Let's say I have a non-refundable, non-changeable Eurostar ticket (i.e. the cheapest kind!). I plan a trip by train to get me from my starting point to the Eurostar terminal (eg Oxford -> London Paddington, then tube London Paddington -> London St Pancras). I plan my trip so that I'll get to the Eurostar checkin in enough time.

What happens if my train to meet the Eurostar is delayed? And does it depend on what kind of ticket I bought to get to the Eurostar, and whether or not my travel to the Eurostar was on another RailTeam service or not?

2 Answers 2


It does depend what ticket you have, and who you're with.

If you are delayed on another RailTeam service, the ‘Hop on the next available train’ (HOTNAT) feature means that you may not even need to rebook (depends on the station), but if you do it'll be easy. (Keep the ticket from the delayed service though!)

If you bought a domestic ticket that included CIV protections, eg a ticket to London International (CIV) or similar, when you get to the Eurostar station you need to queue up at the ticket office, show them the ticket for the delayed service, and they'll re-issue you with a new ticket for the next available Eurostar. If the delay means you missed the last train of the night, they'll have to sort you out with accommodation too.

If you don't have a domestic ticket with CIV protections, then phone Eurostar as soon as things go wrong, so they can put a note on your account that you may miss your Eurostar due to delays. Next, try to find someone from the train company who has delayed you to write on your ticket / give you a bit of paper confirming the delay. This bit isn't required, but it does seem to help! Finally, when you get to the Eurostar terminal, queue up at the ticket desk, explain about the delay, show them the ticket for the delayed train, tell them you've already spoken to customer services, and ask nicely. (Whether or not you are already covered by CIV at this point is something that hasn't been tested in court, so no-one's quite sure, ditto for onward connections after). Generally, if you'd left enough time had the delay not happened, Eurostar will re-book you onto the next available service.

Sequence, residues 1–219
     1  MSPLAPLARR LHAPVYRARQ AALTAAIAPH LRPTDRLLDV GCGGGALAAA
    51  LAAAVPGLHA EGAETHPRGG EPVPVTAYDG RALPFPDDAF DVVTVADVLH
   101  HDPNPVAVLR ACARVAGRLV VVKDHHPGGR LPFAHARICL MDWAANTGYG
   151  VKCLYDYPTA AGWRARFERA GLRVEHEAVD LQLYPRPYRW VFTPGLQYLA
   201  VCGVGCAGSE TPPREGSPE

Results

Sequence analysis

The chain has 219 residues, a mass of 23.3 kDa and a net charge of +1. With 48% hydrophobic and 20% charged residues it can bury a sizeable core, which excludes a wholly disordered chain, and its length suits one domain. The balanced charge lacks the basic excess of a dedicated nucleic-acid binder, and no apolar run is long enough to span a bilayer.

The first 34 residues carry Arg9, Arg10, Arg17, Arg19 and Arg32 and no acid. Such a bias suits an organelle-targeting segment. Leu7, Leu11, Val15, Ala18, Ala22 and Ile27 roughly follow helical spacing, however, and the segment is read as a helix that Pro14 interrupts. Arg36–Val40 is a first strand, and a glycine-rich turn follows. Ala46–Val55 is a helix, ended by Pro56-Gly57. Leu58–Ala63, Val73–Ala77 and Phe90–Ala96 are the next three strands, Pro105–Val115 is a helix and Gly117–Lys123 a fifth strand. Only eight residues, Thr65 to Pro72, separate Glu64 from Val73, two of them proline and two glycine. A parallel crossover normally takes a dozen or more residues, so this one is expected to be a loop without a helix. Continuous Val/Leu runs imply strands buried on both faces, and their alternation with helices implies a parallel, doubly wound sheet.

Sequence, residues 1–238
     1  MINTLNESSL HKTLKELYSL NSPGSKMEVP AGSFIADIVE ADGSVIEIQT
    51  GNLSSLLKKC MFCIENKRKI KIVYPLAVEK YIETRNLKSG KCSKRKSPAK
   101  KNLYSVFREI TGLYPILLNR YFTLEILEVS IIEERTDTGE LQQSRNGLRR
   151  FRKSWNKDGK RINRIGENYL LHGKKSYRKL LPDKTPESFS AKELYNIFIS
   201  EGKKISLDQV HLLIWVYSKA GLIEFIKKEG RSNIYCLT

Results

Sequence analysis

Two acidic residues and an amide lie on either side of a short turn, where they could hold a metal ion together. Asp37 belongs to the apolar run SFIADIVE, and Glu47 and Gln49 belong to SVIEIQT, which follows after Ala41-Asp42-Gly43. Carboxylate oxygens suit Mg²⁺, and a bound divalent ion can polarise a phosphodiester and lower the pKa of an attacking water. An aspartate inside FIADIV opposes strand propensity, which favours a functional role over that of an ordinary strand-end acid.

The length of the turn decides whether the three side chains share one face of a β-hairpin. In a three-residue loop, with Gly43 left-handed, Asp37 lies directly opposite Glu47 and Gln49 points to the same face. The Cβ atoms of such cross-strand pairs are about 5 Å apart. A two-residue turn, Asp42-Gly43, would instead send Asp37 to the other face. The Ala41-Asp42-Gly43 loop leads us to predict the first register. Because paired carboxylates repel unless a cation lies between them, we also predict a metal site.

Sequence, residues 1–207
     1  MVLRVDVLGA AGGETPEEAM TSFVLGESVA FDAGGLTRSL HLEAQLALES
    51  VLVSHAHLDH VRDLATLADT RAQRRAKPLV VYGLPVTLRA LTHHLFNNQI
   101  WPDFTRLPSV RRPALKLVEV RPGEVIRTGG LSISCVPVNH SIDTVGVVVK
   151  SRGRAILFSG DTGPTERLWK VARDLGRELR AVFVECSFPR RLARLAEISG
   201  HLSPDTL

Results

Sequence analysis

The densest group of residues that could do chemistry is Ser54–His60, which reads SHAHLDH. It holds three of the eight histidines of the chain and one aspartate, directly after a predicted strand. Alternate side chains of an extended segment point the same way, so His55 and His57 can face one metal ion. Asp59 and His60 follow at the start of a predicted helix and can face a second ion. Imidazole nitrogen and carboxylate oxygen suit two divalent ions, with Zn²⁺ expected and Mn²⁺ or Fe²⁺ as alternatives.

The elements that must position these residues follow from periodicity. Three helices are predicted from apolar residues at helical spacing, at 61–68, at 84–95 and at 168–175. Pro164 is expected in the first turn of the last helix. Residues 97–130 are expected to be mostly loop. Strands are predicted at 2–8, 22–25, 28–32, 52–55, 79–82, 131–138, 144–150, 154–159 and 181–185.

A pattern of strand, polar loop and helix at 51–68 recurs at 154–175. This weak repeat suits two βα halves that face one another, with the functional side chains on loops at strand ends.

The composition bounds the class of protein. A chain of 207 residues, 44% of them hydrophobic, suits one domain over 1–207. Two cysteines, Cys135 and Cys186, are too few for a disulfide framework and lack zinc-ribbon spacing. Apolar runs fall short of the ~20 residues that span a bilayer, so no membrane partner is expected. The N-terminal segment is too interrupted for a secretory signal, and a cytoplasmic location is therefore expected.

If you're delayed getting to the Eurostar station by something other than a train, YMMV, so it's probably best to leave more time for that. If you're getting a long distance Eurostar (eg a once-a-week train to the south of France), get there early as even if they can get you there another way, it'll take longer and not be as good! If you can buy a domestic ticket with CIV protections included, that's the best as you know you'll be fine. Otherwise, Eurostar are generally very friendly and helpful, and when I've been delayed on a train getting to St Pancras they've always helped me out :)


They just gave me a new ticket for a later train as of February 2017

This has happened to me this February 2017 because of storm Doris: the line from Cambridge to London broke down, and I arrived 3 hours later, after the last Eurostar depart for the day (19h30).

I just went to the ticket office at the station, and they gave me a free ticket for the following day, without asking any questions, since they obviously knew about the storm.

This was done even though I had bought the cheapest ticket possible (35 pounds, no insurance, bought 2 months in advance), and a ticket for the following day would cost 180 pounds on the website if bought at that time.

I forgot to ask if they would pay a hotel for the night as well, and just got a cheap hostel near the station for 20 pounds. But be careful: those are almost always full! I was lucky to find a place.

Kudos to Eurostar for that.

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